After a full year under the watchful eye of Hewlett-Packard CEO Mark Hurd, the Palo Alto, Calif., company is aggressively reinvigorating its storage business following years of underperformance.
With solid technology acquisitions such as AppIQ and OuterBay, coupled with storage portfolio enhancements designed to more closely align the relationship of storage to other enterprise systems, HP is not slowing down.
Recently, Mike Feinberg, vice president and chief technology officer of HPs StorageWorks division, outlined some of his thoughts to eWEEK Senior Writer Brian Fonseca on the future of HP StorageWorks, what Hurds ultimate storage strategy is and why multivendor storage interoperability has been slow to develop.
What specific consolidation issues does HP expect to address for its customers with its product rollout in Asia Pacific this week? Which area is currently feeling the most pain?
These announcements are specifically targeted at online, backup, e-mail and remote office consolidation, both for HP and multi-vendor IT environments, and demonstrate HPs continued commitment to its storage business. This is the second major refresh of our storage portfolio in the past nine months since the largest storage product launch in company history last May.
Describe HPs plans for technology acquired by its recent OuterBay purchase.
OuterBay builds on HPs enterprise solutions to help companies get more from their mission-critical database environments. Its Application Data Management suite manages enterprise databases such as Oracle, SQL Server and Sybase by automatically extracting and relocating inactive information—thus reducing the size of the database, improving database performance and lowering costs.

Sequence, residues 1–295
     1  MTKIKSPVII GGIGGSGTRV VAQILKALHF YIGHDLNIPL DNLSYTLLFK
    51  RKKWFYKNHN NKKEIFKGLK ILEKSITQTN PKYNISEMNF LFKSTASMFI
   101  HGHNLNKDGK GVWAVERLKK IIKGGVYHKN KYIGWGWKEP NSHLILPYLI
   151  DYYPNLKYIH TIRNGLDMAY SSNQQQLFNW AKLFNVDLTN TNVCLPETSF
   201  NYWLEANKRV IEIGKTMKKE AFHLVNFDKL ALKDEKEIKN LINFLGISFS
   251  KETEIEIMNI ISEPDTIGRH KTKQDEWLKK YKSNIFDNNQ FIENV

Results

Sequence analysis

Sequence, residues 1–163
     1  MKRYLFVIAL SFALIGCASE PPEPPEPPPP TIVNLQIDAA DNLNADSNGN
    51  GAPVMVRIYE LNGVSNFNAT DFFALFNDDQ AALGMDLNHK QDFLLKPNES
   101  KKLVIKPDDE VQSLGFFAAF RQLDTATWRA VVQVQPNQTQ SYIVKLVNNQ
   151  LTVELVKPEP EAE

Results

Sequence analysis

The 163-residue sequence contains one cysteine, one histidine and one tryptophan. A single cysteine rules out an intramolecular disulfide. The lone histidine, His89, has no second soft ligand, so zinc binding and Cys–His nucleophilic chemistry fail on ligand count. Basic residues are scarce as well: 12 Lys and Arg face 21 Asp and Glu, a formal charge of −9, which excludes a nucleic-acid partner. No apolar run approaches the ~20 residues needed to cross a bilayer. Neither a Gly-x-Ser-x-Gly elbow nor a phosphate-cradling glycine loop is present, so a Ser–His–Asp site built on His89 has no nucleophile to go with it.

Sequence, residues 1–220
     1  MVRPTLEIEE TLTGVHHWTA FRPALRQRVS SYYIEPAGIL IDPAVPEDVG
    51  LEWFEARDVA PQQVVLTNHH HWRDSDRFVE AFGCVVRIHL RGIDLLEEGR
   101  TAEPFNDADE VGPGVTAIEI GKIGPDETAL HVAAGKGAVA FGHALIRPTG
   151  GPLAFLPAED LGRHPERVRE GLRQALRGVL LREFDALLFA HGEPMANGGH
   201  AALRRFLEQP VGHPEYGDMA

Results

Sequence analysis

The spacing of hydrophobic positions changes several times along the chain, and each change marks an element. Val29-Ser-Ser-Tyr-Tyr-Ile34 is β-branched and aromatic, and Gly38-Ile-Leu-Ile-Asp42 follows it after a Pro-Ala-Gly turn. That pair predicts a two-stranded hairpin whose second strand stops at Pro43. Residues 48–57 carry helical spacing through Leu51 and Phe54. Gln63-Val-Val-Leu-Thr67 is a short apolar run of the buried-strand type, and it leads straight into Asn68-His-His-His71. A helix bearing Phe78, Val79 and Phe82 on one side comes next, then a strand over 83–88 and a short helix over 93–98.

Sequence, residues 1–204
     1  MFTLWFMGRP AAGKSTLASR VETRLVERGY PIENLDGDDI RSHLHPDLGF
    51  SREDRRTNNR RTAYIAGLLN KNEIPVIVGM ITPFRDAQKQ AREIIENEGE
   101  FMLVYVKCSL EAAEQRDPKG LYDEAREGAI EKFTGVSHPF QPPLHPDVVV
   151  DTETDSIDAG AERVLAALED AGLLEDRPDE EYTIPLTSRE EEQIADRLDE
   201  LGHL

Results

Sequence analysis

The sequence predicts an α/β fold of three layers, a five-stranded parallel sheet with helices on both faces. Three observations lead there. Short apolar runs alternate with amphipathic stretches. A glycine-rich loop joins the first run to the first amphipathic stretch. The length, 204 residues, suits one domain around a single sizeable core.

In other words, it provides significant, demonstrable ROI (return on investment). Sixty percent of HPs Integrity server customers are running Oracle applications and databases today, making OuterBays products a key capability for our customers. The technology will enable HP to expand its solutions for customers deploying Oracle, SQL Server and Sybase databases as well as major enterprise applications such as Oracle E-Business Suite, SAP and PeopleSoft.
In addition, this acquisition is another step in our ILM (information lifecycle management) strategy as we continue to advance our capabilities—allowing us to manage the retention of structured data in the same manner that we manage the retention of unstructured data.
Database archiving is complementary to our data protection, e-mail archiving, and file movement technologies—all important to the efficient deployment of a comprehensive ILM process.
What will the role of RISS be for HP and its customers in 2006? When will RISS be capable of managing customers current storage architecture?
We will continue to enhance HPs Reference Information Storage System to become the repository of choice [with which] to archive customer file and application data—both with HP solutions and offerings from our ISV partners in HPs ILM Partner Program. Stay tuned for upcoming announcements in the very near future.